Definition: A human intellectual competence must entail a set of skills of problem solving--enabling the individual to resolve genuine problems or difficulties that he or she encounters and, when appropriate, to create an effective product--and must also entail the potential for finding or creating problems--thereby laying the groundwork for the acquisition of new knowledge. (Gardner, 1983, p. 62, emphasis in the original)

Criteria for Establishing Distinct Intelligences:

  1. Isolation by brain damage
  2. The existence of individuals with exceptional talent
  3. A distinct developmental history
  4. An evolutionary history
  5. A set of core operations
  6. Experimental evidence
  7. Encoding in a symbol system
Gardner's Multiple Intelligences
(Seven Original Plus 1 1/2 Additional)



Linguistic  Core element: ability to make a rapid conversion from a physical representation of stimuli (i.e., letters and/or other verbal symbols) to higher- level codes; ability to manipulate information in activated memory 
Logical-mathematical  Core element: ability to generalize from specific experiences and form new, more abstract concepts and rules; ability to reason quickly and well; ability to reason quantitatively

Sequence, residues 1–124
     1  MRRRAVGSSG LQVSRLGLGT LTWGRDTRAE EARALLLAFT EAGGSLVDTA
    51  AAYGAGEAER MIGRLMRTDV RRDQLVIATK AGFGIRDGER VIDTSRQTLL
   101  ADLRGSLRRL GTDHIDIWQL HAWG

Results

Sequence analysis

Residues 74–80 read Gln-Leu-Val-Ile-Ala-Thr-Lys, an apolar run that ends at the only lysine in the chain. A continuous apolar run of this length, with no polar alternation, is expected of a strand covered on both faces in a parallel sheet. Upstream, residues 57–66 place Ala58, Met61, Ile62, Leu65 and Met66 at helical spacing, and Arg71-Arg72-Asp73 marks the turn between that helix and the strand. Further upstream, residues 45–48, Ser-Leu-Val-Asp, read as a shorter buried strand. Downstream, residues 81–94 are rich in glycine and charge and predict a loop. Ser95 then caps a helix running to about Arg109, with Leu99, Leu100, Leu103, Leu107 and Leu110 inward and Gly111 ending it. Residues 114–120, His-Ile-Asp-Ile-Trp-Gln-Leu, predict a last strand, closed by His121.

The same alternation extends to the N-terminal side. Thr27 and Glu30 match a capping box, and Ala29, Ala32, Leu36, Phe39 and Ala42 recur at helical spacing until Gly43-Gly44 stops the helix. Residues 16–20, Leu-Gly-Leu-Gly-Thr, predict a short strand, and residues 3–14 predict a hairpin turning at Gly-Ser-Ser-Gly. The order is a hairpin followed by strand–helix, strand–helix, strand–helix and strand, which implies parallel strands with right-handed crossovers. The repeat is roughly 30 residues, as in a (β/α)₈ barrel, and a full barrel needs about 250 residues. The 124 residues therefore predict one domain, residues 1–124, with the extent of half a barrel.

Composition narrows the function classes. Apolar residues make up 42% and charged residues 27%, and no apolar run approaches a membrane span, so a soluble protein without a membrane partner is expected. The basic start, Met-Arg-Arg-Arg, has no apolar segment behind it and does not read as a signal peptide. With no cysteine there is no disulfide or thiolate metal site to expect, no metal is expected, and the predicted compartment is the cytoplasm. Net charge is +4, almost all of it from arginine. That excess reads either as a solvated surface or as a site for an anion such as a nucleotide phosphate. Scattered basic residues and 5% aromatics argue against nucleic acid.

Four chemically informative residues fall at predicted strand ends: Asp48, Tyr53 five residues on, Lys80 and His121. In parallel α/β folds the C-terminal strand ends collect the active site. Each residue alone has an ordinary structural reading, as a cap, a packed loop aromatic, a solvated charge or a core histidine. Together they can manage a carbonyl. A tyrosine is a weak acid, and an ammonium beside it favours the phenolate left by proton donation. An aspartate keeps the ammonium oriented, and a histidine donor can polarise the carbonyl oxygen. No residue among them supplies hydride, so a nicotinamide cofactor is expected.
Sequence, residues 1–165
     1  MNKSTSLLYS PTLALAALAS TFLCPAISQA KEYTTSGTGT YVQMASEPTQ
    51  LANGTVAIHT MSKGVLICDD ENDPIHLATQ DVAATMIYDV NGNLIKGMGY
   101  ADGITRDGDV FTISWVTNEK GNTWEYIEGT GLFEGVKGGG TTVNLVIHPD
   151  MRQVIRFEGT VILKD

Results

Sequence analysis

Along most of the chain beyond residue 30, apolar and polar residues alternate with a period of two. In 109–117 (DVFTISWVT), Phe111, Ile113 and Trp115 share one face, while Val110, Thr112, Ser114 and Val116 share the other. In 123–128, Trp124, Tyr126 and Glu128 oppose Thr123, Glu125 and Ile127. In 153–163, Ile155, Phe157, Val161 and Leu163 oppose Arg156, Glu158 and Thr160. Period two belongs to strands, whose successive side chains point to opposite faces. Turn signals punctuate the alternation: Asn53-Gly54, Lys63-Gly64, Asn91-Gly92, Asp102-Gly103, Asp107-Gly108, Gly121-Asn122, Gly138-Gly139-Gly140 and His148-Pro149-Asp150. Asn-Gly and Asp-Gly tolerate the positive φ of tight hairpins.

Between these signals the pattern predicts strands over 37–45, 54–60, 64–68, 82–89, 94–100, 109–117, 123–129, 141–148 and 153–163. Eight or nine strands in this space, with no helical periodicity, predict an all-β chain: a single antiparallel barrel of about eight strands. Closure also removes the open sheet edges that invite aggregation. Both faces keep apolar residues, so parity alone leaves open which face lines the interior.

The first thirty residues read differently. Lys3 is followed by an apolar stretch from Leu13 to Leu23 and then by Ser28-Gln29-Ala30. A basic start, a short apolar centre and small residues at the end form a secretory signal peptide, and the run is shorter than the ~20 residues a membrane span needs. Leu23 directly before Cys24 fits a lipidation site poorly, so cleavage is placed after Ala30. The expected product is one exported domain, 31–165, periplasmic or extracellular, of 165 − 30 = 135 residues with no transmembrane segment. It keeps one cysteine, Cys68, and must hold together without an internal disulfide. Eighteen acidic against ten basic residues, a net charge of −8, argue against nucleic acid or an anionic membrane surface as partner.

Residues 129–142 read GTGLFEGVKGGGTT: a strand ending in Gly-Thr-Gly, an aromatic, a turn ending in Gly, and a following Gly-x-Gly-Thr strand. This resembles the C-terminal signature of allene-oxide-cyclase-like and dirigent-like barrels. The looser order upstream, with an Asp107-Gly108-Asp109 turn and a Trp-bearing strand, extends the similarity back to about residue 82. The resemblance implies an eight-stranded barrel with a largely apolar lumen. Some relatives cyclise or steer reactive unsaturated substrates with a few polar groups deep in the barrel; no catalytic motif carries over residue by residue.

(normally described)


Musical Core elements: translate written symbols into pitch, rhythm, timbre
Spatial Core element: ability to visualize and mentally rotate a stimulus or stimulus array 
Bodily-Kinesthetic Core element: control of one's bodily motions and capacity to handle objects skillfully 
Naturalist Core element: ability to discern differences in  the living environment


Interpersonal Core element: ability to notice and make distinctions among other individuals and, in particular, among their moods, temperaments, motivations, and intentions
Intrapersonal Core element: ability to distinguish and identify various thoughts and feelings and to use them to understand one's own behavior 
Possible Additional Intelligence Existential/Transpersonal Core element: search for and connection with unknowns

Another way to group these intelligences is: